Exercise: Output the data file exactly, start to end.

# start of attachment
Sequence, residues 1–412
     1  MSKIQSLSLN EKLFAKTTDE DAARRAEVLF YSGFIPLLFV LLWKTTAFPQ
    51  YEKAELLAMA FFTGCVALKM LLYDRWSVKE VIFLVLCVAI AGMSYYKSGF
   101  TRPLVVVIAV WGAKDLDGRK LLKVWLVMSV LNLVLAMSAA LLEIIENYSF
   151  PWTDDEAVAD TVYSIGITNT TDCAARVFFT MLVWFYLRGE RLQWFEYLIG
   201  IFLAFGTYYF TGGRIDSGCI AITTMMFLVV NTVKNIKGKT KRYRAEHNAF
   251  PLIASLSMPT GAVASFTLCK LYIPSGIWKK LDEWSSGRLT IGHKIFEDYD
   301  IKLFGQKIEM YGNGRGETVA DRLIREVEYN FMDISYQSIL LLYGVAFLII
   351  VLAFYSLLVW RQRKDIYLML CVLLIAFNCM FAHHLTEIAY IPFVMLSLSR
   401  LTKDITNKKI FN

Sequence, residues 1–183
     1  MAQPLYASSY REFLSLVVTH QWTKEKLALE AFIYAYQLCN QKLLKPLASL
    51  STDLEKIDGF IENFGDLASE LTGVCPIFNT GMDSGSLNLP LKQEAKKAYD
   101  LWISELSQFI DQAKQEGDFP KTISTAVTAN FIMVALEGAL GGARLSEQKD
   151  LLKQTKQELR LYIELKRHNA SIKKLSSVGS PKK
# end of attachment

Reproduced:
Sequence, residues 1–412
     1  MSKIQSLSLN EKLFAKTTDE DAARRAEVLF YSGFIPLLFV LLWKTTAFPQ
    51  YEKAELLAMA FFTGCVALKM LLYDRWSVKE VIFLVLCVAI AGMSYYKSGF
   101  TRPLVVVIAV WGAKDLDGRK LLKVWLVMSV LNLVLAMSAA LLEIIENYSF
   151  PWTDDEAVAD TVYSIGITNT TDCAARVFFT MLVWFYLRGE RLQWFEYLIG
   201  IFLAFGTYYF TGGRIDSGCI AITTMMFLVV NTVKNIKGKT KRYRAEHNAF
   251  PLIASLSMPT GAVASFTLCK LYIPSGIWKK LDEWSSGRLT IGHKIFEDYD
   301  IKLFGQKIEM YGNGRGETVA DRLIREVEYN FMDISYQSIL LLYGVAFLII
   351  VLAFYSLLVW RQRKDIYLML CVLLIAFNCM FAHHLTEIAY IPFVMLSLSR
   401  LTKDITNKKI FN

Sequence, residues 1–183
     1  MAQPLYASSY REFLSLVVTH QWTKEKLALE AFIYAYQLCN QKLLKPLASL
    51  STDLEKIDGF IENFGDLASE LTGVCPIFNT GMDSGSLNLP LKQEAKKAYD
   101  LWISELSQFI DQAKQEGDFP KTISTAVTAN FIMVALEGAL GGARLSEQKD
   151  LLKQTKQELR LYIELKRHNA SIKKLSSVGS PKK